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‘Carbon neutrality’ goal of USF’s new sustainability coordinator

October 8, 2015
Christina Gray

A University of San Francisco graduate who earned a master’s degree in environmental management in 2013 is back on campus as the school’s first sustainability coordinator.

Richard Hsu was hired by his alma mater to lead the newly created office of sustainability. He is responsible for implementing a “climate action plan” completed late last year by the university’s Sustainability Council aimed at achieving carbon neutrality and cultivating a new generation of ecologically aware citizens in the process.

Carbon neutrality is achieved by an individual or organization when it subtracts as much carbon dioxide from the atmosphere as it generates. Carbon dioxide emissions, largely the result of the burning of fossil fuels, are implicated in the disruption of weather patterns that the pope said in his recent encyclical, “Laudato Si’,” will hit the planet’s poor the hardest.

“Our climate action plan ties in perfectly with our mission as a Jesuit university,” Hsu told Catholic San Francisco. “Our mission here is to educate leaders who will fashion a world that is more humane and just, a world that is shared by all and held in trust for future generations. That’s exactly what sustainability is.”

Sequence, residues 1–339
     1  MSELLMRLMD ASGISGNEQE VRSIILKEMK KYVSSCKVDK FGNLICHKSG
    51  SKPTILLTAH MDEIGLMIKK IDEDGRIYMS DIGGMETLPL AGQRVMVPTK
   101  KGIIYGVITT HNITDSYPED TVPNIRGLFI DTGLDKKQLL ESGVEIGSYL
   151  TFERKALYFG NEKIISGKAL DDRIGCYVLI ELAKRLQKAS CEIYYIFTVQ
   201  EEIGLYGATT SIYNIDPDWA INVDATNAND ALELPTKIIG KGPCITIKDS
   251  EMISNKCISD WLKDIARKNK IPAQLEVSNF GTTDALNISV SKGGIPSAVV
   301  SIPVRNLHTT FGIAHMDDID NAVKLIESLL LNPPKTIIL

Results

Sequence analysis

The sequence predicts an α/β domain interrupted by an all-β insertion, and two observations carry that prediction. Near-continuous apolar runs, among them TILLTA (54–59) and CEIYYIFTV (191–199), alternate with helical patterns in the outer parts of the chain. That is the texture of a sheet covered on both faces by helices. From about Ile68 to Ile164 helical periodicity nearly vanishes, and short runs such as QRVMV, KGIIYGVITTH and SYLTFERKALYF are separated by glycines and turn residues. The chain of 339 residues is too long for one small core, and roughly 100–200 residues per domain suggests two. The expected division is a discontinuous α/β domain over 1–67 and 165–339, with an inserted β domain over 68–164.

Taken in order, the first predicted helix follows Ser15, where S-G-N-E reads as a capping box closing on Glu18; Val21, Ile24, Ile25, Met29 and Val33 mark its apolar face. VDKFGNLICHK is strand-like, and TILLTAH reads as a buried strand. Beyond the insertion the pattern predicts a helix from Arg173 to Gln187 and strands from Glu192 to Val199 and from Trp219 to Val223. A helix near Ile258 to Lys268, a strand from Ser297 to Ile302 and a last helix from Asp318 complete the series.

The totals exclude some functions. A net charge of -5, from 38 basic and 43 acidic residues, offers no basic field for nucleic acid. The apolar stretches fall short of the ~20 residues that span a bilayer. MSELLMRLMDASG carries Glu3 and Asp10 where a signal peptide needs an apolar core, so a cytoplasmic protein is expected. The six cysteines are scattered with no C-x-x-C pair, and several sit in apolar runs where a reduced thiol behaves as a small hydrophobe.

With just over 10,000 students and almost 1,000 staff and faculty, the university is “like a small city” that includes multiple heat- and waste- generating and water-using structures, a vehicle fleet and hundreds of campus commuters, Hsu said.

The university’s climate action plan includes incremental changes in four areas over 35 years, with 100 percent carbon neutrality targeted for 2050. It starts with changing human behaviors and choices and includes improving the efficiency of older systems – in many cases by replacing them with more energy-efficient revsions – using renewable energy where possible, and reducing emissions elsewhere to offset those that are unavoidable.

USF’s climate action plan is the direct result of a commitment to sustainability made by university president Jesuit Father Paul Fitzgerald. In 2014 Father Fitzgerald joined nearly 700 other university presidents nationwide in signing the American College & University Presidents’ Climate Commitment.

All schools that sign the commitment pledge to conduct an institutional emissions inventory and to create a related climate action plan. USF’s 55-page plan, finalized last December, identifies operational and educational strategies to reduce carbon emissions. It also calls for a full-time sustainability coordinator.

Hsu plans to develop co-curricular and extracurricular projects, particularly in the upgrade of antiquated structures and energy systems, making the campus a living laboratory for students.

In the long run, the climate action plan will also help the university achieve “fiscal sustainability,” but the effort is not as much about money as morality.

“We are addressing a global problem with dire social, economic and political implications,” Hsu said. “It’s primarily about doing the right thing.”

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